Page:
Rule #1 when training New Media in Donetsk: Don’t let it get to you.
Rule #2 when training New Media in Donetsk: Remember that learning a new technology can be very frustrating.
Rule #3 when training New Media in Donetsk: People that get frustrated in the way that I am describing probably won’t apologize for being sharp with you.
Rule #4 when training New Media in Donetsk (which is also Rule #More Important Than Anything Else, Really): Understand why someone in Ukraine might be this way before you react—it will very much help you to not react in a way that could only exacerbate the situation.
Fortunately, I have a lot of experience with such people in Ukraine, and this “why”, so I can groove with it. Besides, Ukraine is the sort of place where you can drink a beer, or vodka, with this person later, and after some drinks, things will be very different, for the better, between you two.
This is not to say it was all starkness coldness bruskness. I was able to make people laugh at times (which is VERY reassuring when standing before a group of Ukrainians you didn’t know before that day—I can always whip out my humor stick for a little relief, or “beating”, to keep my metaphor constant). And a few people asked some GREAT questions. Like, why should they use Facebook, when they can so easily update people using Twitter? The idea being essentially, “Why use two tools when you can use just one?”
My answers to this involve, first, it being easier to create a more detailed profile of yourself on Facebook, giving you a chance to market your various links and preferences more elaborately, and in a way that is nicely congregated. Second, Facebook and Twitter together enable you to easily tap into two groups of people, instead of just one. So, if some people prefer Twitter, and other people prefer Facebook, you can connect the two sites so that you can update one and it automatically reaches the other—one message suddenly taps into to markets, basically. Of course, I can dig much deeper into this question, but that’s the gist.
Other than those moments of occasional laughter and great questions, I didn’t feel any real connection with the trainees on the first day. However, if there is one thing I am fairly sure of, it is that if you give it enough time, you can connect with even those most standoffish of Ukrainians. We just needed a little more time together. Things would likely be different come day two. At least, I’d hoped so.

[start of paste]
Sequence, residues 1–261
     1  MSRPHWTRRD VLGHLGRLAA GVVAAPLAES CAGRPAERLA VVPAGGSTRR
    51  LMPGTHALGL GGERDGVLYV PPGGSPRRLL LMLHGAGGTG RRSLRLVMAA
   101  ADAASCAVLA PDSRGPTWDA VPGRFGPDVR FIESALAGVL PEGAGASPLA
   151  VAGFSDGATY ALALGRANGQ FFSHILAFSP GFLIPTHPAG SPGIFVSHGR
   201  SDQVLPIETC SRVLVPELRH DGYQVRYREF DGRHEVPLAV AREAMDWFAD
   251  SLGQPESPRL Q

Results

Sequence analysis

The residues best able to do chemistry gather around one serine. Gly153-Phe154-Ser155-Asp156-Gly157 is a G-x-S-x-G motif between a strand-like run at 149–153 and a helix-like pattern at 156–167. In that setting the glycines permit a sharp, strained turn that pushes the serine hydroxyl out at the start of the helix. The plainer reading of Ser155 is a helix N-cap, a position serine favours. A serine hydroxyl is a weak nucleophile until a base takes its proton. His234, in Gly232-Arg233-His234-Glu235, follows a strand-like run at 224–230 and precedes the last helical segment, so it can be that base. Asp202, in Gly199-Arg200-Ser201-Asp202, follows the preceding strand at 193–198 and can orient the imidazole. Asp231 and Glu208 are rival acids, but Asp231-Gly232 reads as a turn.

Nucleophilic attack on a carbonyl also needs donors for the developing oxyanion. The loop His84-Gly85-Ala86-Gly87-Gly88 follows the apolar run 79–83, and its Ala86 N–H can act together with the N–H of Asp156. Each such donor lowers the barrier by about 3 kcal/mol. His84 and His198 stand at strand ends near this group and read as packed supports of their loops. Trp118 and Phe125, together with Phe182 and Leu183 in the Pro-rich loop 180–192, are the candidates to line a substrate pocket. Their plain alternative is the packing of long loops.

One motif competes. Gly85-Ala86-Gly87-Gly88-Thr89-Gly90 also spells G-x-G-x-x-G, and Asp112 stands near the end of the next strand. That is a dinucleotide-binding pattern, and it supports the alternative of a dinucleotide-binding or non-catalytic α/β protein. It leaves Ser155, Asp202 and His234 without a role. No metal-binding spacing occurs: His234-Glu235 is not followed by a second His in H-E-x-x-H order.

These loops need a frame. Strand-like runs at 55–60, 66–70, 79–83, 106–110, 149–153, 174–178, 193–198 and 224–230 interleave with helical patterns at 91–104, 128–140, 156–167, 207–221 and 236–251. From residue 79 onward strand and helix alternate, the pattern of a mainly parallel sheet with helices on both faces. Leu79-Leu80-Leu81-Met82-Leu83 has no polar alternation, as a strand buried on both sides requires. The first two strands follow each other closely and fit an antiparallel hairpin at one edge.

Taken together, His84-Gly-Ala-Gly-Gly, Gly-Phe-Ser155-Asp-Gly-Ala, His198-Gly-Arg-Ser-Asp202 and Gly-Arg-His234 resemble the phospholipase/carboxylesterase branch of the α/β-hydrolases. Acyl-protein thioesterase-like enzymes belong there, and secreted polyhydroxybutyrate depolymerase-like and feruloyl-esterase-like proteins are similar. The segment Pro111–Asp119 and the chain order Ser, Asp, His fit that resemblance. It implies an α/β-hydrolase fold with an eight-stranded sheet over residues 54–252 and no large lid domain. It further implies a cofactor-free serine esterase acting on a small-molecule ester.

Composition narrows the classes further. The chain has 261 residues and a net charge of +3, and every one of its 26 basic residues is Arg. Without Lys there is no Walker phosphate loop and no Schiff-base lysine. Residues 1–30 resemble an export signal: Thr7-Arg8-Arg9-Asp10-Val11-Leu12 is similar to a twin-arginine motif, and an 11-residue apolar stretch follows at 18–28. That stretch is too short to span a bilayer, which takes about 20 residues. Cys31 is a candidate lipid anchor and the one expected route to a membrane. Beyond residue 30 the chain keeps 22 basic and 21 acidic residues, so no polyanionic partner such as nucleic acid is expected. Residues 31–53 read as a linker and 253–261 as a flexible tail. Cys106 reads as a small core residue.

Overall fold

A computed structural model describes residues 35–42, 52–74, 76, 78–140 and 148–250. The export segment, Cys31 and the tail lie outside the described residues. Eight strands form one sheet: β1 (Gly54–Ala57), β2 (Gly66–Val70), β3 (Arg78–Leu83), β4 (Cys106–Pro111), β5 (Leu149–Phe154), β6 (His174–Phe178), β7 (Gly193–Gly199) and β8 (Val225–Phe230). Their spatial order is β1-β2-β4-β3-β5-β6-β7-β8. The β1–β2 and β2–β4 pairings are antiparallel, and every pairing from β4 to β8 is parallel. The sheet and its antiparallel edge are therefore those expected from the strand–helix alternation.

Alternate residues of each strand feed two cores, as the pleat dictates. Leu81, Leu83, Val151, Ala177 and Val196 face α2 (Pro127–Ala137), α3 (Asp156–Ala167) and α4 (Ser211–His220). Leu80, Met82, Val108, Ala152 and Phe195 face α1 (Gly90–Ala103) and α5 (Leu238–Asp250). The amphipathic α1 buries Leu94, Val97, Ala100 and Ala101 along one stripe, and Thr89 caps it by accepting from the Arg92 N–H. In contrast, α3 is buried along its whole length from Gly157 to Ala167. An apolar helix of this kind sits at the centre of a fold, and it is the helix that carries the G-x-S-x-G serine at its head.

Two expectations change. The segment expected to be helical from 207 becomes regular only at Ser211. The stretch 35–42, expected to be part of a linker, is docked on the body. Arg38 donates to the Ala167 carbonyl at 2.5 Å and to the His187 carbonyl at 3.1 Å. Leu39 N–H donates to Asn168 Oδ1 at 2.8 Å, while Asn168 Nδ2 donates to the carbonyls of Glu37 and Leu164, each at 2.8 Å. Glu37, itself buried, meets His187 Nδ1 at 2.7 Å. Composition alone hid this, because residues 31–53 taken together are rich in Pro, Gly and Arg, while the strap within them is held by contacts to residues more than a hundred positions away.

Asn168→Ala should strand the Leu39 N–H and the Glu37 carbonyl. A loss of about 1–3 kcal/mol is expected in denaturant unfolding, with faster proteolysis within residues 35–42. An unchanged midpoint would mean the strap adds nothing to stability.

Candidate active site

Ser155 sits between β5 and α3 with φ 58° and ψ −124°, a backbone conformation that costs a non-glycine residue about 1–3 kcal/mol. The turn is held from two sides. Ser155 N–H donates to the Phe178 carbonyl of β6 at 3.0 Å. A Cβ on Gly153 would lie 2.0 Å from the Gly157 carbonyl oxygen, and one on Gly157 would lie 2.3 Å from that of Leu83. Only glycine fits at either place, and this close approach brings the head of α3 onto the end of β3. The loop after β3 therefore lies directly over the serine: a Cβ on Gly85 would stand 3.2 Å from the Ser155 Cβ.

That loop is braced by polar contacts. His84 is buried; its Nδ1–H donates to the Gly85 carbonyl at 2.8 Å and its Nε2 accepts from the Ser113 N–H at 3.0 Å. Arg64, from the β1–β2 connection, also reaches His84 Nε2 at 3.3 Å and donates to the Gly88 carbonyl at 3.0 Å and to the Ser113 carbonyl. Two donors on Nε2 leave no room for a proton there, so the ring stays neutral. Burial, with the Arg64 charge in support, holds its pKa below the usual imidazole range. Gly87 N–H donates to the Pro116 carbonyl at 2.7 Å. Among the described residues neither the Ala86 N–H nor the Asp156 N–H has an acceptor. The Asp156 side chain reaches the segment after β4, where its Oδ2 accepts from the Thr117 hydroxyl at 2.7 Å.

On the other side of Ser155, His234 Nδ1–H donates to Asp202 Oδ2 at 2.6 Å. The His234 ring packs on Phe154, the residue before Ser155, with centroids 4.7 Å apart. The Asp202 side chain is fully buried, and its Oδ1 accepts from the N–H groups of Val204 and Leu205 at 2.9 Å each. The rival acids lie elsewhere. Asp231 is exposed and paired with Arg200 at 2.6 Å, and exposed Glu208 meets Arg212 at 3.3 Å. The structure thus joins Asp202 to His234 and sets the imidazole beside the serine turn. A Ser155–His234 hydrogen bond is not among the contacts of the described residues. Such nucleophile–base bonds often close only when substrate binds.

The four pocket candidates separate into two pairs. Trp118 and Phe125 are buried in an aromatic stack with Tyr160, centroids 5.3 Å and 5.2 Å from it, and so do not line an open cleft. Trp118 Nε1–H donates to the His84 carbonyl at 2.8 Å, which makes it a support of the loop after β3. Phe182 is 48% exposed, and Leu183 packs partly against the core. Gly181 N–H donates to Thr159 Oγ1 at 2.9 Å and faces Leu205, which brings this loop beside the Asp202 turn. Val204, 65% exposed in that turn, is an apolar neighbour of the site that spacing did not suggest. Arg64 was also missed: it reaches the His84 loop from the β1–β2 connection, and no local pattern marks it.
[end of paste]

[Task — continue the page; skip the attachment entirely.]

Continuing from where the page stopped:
It was probably a good idea that I went out for a beer with some of the trainees as part of the post Day 1 reception. If there is one thing that many a Ukrainian has informed me, it is that a drink can bring almost anyone together. My theory is that this helped a few people come to accept me, which could have a snowball effect for the others the next day.
We stopped in two fairly absurd yet anachronistically awesome restaurants, one called “Liverpool”, with a serious classic rock ubertheme (yes, you WILL find statues of The Beatles in action out front—Hard Rock Café, anyone?), and a “biker bar” that leaves one to wonder if there are any motorcycle-related paraphernalia left for the rest of the world to collect and admire. “Over the top” just doesn’t begin to describe these places.
My wife, in that Skype conversation, reminded me that there is something about Russian culture that really gravitates to what we in America might call tacky. They love extremes, particularly when it comes to décor and ambience. Apparently, when you have money in Russian-influenced areas, that means you REALLY want to immerse yourself in tacky. Which explains why the entrance to the biker bar was a giant version of the front end of a motorcycle.
The next day, I am happy to report, people started to open up to me. Yeah, I still got my share of frustration from some people. But, other people started to ask me for help in a nice way, too. As the second day burned on—and I continued the path of trying to be at least a little Michael Scott, and engage in a little public goofiness, while at the same time respecting people’s opinions, answering questions, and shamelessly bounding in their direction when they had questions, as if all I wanted to do was help THEM specifically—I was able to score more points.
When I gave my closing speech, people clapped, like they had at the other trainings. I was a little nervous that it might end in silence, just as it had begun. Not that it really mattered, just that it would have weirded me out a little, having finished on such a nice note with my previous closing speeches.
I will say this, though. If you can play Donetsk, you can play anywhere. You just have to remember—people are going to be slow to take to you if they don’t know you. Who are you? Why are you here? What do you want with them? What kind of risk do you present? These are the kinds of things that, in my experience, are often on people’s minds in Ukraine. They must be stronger in the east (especially if you are American, I think), I will conclude from this training, and back with anecdotal evidence from my Peace Corps friends.
However, once they know the answers to those questions, they will come around to you. As long as you are genuine.
Author’s Note: This is part of a series of posts on my experiences doing New Media trainings with Internews-Ukraine in June 2009, as part of their MediaNext initiative, in partnership with European Journalism Centre. These views are my own, and do not reflect those of Internews-Ukraine or European Journalism Centre. Just so we’re clear on that.
All photos courtesy of the author, who feels they illustrate the quintessence of good taste.